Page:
Dr David A. Lines
Head of Department
Teaching and research interests
All aspects of European thought and learning from around 1250 to around 1750. I have particular expertise in the following:
- The classical tradition (Aristotelianism and ancient thought more generally) in Renaissance Europe: interactions of Greek, Latin, and the vernacular
- Renaissance intellectual history, especially ethics, politics, and science and their configuration in humanism and scholasticism
- Institutions of culture and learning (particularly universities), with special focus on Bologna and Italy
- Libraries and history of the book (particularly the library of Ulisse Aldrovandi)
BA (Bryan College, 1987), MA (English, UNC-Chapel Hill, 1991), AM, PhD (History, Harvard University, 1997)
After studying Latin and Greek at the Liceo Classico in Italy, I did all of my university studies in the United States: I read History, English, and classical Greek for my BA, focused on English and American literature for the MA, and then proceeded on a scholarship to Harvard, where I obtained my PhD in History under the direction of James Hankins. Among my awards while a PhD student were a William J. Fulbright fellowship, a Frances A. Yates short-term fellowship at the Warburg Institute, and the Ezio Franceschini fellowship for medieval literature and philology at the Certosa del Galluzzo in Florence. After various postdoctoral fellowships in the Netherlands and Germany (including an Alexander von Humboldt research fellowship and a DFG postdoctoral fellowship, both spent at the Seminar für Geistesgeschichte und Philosophie der Renaissance in Munich) I was Assistant Professor of History at the University of Miami, Florida (2002-2006). I joined the Italian Department at the University of Warwick in Autumn 2006 after spending a year as Deborah Loeb Brice Fellow at Villa I Tatti (The Harvard University Center for Italian Renaissance Studies in Florence). I became Associate Professor in 2009 and Reader in 2013. I serve on the Peer Review Panel of the AHRC and on the boards of the journal Mediaevalia et Humanistica and of two book series published by Brepols: Cursor Mundi and Studies in the Faculty of Arts: History and Influence (SFIHA).
My most recent book publication is Rethinking Virtue, Reforming Society: New Directions in Renaissance Ethics, c. 1350–c. 1650 (co-edited with Sabrina Ebbersmeyer; Brepols, 2013). Further details available here.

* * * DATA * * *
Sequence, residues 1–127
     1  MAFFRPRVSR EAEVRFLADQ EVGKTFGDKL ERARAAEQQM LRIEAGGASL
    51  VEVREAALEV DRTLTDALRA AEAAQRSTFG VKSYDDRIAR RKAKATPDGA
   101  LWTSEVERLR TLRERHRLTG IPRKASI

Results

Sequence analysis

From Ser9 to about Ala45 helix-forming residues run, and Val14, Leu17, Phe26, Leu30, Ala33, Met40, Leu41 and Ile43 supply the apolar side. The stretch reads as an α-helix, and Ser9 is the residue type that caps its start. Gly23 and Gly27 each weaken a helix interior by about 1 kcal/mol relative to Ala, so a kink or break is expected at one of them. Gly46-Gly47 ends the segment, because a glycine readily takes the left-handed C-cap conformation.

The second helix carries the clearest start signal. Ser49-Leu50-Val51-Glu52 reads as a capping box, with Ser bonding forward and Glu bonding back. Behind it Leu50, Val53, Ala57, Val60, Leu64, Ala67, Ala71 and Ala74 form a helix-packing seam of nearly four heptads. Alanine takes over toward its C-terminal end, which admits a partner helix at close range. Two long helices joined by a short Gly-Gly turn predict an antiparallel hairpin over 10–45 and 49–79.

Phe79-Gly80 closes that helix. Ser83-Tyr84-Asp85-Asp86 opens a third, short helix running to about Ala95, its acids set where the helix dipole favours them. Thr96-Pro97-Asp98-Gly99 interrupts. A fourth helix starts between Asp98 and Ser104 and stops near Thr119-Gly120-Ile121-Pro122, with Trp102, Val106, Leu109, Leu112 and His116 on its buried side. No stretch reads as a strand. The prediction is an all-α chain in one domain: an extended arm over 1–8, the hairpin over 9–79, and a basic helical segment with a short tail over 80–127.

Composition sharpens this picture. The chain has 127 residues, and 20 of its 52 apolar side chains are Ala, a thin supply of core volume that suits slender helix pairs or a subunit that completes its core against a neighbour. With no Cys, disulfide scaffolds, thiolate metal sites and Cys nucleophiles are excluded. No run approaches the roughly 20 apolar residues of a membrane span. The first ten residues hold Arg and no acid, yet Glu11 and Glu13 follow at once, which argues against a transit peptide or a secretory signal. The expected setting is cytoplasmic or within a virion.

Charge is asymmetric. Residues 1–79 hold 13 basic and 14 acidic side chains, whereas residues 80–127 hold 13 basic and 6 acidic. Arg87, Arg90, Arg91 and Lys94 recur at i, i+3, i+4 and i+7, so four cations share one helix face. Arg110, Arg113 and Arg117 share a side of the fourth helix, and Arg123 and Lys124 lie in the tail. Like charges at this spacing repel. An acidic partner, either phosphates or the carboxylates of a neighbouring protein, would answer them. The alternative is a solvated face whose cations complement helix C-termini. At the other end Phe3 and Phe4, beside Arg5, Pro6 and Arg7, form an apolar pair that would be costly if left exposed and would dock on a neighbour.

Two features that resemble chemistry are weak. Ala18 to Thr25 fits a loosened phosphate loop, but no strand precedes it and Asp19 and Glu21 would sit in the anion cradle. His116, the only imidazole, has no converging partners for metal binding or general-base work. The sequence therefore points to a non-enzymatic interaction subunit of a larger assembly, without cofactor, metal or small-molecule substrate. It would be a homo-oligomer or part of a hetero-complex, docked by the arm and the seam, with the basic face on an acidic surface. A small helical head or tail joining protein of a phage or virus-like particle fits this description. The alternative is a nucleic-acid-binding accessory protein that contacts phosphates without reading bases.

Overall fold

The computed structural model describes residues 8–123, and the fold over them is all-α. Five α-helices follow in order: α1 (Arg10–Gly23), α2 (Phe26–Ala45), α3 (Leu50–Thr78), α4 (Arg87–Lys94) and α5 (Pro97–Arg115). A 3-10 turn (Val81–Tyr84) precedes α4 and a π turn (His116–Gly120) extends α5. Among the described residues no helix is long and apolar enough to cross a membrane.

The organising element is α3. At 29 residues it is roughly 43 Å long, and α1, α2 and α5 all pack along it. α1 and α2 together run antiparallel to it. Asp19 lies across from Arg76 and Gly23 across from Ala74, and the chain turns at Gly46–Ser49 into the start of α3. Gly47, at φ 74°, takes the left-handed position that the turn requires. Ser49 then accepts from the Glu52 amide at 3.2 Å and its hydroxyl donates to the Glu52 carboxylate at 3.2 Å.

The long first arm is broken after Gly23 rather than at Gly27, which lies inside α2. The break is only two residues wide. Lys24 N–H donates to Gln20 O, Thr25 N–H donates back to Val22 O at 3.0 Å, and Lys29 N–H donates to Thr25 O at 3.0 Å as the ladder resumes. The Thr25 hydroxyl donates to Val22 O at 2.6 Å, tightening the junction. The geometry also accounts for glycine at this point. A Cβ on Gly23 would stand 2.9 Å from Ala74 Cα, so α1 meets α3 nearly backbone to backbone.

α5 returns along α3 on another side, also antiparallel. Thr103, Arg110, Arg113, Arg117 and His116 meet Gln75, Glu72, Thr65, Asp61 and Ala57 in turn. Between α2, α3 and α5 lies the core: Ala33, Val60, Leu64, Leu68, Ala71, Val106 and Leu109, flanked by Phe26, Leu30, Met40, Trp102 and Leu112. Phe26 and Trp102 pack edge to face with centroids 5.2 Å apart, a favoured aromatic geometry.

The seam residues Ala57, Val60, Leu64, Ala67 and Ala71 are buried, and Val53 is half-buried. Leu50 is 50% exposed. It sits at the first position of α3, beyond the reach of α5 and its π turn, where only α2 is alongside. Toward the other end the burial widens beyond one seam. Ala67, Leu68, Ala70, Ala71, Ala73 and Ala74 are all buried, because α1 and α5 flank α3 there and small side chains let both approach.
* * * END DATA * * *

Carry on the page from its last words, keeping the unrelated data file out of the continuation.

In addition to awards for personal research I am currently managing the following collaborative research project:
• a Leverhulme International Network (2012–15) on 'Renaissance Conflict and Rivalries: Cultural Polemics in Europe, c. 1300–c. 1650', involving Warwick, the Warburg Institute, the Universities of Bonn, Leuven, Venice, and Florence, and potentially other partners
Past research projects have included:
• leading an AHRC collaborative research award on 'Vernacular Aristotelianism in Renaissance Italy, c. 1400–c. 1650' (Oct. 2010–Dec. 2013)
• supervising a Marie Curie Intra-European Fellowship on Antonio Brucioli's Aristotelian writings by Dr Eva Del Soldato (2012–13).
PhD students currently supervised
Greg Wells, ‘John Hall’s Little Book of Cures (ca. 1630–1635): A Critical Edition’ (project in the Centre for the Study of the Renaissance; co-supervised with Claudia Stein, History).
Gabriella Addivinola, ‘The Apophatic Tradition in Alan of Lille and Dante: Logic, Theology and Poetry from the Twelfth to the Fourteenth Centuries’ (co-supervised with Simon Gilson, Italian; completed in February 2014).
Sara Miglietti, ‘Mastering the Climate: Theories of Climatic Influence in the Early Colonial Age’ (project in the Centre for the Study of the Renaissance; co-supervised with Ingrid De Smet, French Studies).
Rocco Di Dio, 'Marsilio Ficino's Notebooks' (project in the Centre for the Study of the Renaissance; co-supervised with Maude Vanhaelen, Italian/Classics).
Giacomo Comiati, on the influence of Horace in sixteenth-century Italian poetry (co-supervised with Simon Gilson, Italian).
Leila Zammar, ‘Seventeenth-Century Performances at the Barberini Palace and in the Lost Barberini Theatre, Rome’ (project in the Centre for the Study of the Renaissance; co-supervised with Margaret Shewring, Theatre Studies).
Martina Piperno, on Leopardi's classicism and contacts with the thought of Giambattista Vico (co-supervised with Fabio Camilletti, Italian).
Tel: 024 76 523 250